I'm trying to figure out how the multimode fibre optic really work, I looked in many sites but didn't really found an answer to my question; let's take an example this picture: enter image description here

in the multimode, are the 3 lights, the green, blue and red, are sent SIMULTANEOUSLY or these are the paths that could be taken?


That's not "three lights" (that's DWDM.) The colors are there to delineate three photons. In single-mode fiber, the photons flow perfectly parallel down the center of the fiber. In multi-mode, the light isn't as "perfect" and the fiber diameter is much wider. As a result, the photons don't flow perfectly parallel -- nor are they necessarily fired straight into the center of the fiber. Thus, the path of some photons are more oblique than others. The net result is a pulse of light entering in one end does not all reach the other end at the same time -- some paths are longer. This is known as "mode dispersion"; the longer the cable, the worse it gets.

  • well that did not answer my question .. are they like sent by 3 source of laser? like parallel vs serial ?? – Ouerghi Yassine Mar 13 '15 at 2:31
  • You still don't get it. It's ONE laser, one stream of light. For MM, the laser (usually cheaper LED source) is many photon "lines" wide, not perfectly parallel or fired perfectly into the fiber. – Ricky Mar 13 '15 at 2:35
  • Fiber optic communication isn't done on a per-photon basis. – Ricky Mar 13 '15 at 2:36
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    Copper wire and fiber are completely different. The number of photons doesn't matter, there isn't any direct correlation to the amount of information. The picture is showing the way the light moves through the fiber, that's it. – Jordan Head Mar 13 '15 at 3:56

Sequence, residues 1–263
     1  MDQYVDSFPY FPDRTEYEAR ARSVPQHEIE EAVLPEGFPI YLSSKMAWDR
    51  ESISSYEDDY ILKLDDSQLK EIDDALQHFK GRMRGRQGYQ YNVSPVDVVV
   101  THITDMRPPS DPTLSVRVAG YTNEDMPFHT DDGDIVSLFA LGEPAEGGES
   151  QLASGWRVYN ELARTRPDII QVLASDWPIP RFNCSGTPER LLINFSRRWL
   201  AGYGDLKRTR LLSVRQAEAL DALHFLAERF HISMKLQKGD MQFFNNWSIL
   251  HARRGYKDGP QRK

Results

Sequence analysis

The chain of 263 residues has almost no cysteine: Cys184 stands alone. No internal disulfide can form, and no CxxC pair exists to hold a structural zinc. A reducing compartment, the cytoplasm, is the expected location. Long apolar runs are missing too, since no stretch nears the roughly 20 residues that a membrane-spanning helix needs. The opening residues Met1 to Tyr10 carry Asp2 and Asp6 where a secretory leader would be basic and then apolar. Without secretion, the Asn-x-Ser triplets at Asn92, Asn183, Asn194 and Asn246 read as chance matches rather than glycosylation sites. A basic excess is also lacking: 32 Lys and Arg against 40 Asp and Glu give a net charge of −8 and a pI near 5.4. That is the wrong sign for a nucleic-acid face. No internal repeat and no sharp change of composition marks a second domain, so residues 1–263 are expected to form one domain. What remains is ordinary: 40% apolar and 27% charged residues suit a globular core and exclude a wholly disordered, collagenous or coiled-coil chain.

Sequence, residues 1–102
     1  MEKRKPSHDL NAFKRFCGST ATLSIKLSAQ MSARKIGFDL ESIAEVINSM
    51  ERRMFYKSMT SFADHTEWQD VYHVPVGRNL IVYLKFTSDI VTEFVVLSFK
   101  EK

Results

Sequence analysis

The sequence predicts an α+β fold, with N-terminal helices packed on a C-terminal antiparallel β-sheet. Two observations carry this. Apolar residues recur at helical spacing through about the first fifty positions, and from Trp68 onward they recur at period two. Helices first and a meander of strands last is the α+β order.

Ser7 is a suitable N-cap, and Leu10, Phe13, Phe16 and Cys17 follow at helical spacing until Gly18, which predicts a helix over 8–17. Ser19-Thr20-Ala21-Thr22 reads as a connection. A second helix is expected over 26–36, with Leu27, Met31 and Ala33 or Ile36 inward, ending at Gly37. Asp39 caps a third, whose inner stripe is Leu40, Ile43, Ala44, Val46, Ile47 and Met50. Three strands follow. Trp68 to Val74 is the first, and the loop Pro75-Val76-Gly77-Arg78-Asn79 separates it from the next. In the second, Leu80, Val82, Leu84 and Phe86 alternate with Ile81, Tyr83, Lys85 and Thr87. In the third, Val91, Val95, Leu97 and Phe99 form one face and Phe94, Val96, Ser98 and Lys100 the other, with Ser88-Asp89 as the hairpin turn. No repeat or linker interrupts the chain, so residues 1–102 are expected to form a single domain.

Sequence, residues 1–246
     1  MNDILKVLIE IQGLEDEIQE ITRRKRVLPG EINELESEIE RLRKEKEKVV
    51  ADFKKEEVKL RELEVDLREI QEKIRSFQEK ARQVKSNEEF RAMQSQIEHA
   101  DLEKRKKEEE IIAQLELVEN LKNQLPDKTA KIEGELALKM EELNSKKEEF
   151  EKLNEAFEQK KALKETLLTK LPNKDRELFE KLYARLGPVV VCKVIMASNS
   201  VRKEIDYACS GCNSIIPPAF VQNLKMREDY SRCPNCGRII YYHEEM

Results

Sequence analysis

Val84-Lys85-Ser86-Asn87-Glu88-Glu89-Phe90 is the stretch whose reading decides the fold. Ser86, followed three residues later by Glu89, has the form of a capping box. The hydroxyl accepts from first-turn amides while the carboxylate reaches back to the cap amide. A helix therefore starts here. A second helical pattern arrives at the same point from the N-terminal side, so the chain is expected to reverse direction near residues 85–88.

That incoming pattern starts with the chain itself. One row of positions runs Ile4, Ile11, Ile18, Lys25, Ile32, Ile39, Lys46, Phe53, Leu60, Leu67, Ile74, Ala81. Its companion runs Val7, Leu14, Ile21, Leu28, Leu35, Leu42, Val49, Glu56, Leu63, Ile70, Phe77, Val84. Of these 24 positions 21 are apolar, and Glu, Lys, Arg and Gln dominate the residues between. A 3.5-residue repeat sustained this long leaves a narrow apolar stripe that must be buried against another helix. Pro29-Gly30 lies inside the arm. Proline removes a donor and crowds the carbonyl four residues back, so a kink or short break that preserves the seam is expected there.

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    When you turn on a flashlight, does only one photon come out of it? No. Lots of them are generated in lots of directions. Laser's generate lots of photons, mostly in one direction. (the better the laser, the more parallel they are.) – Ricky Mar 13 '15 at 4:55

"Multimode fiber is like shooting a shotgun down a conduit - you get a lot of pellets into it, but they tend to bounce of the walls so they don't go very far and they aren't very accurate.

Singlemode fiber is like firing a rifle down the conduit - it's just a single bullet but it will go straighter, faster, and further than the pellets. " - Jim Jachette

This is the explanation that made sense to me. Both modes are one shot of light.

As for why the two modes exist.

Singlemode equipment use to be very expensive. Multimode equipment was alot cheaper than Singlemode. So it made sense to use multimode on the short distances.

Today the equipment prices and fiber prices themselves are almost equal. People are just hung up on multimode or need to maintain existing multimode networks.

If you are building a new fiber network, just go for Singlemode.

Hope this helps.

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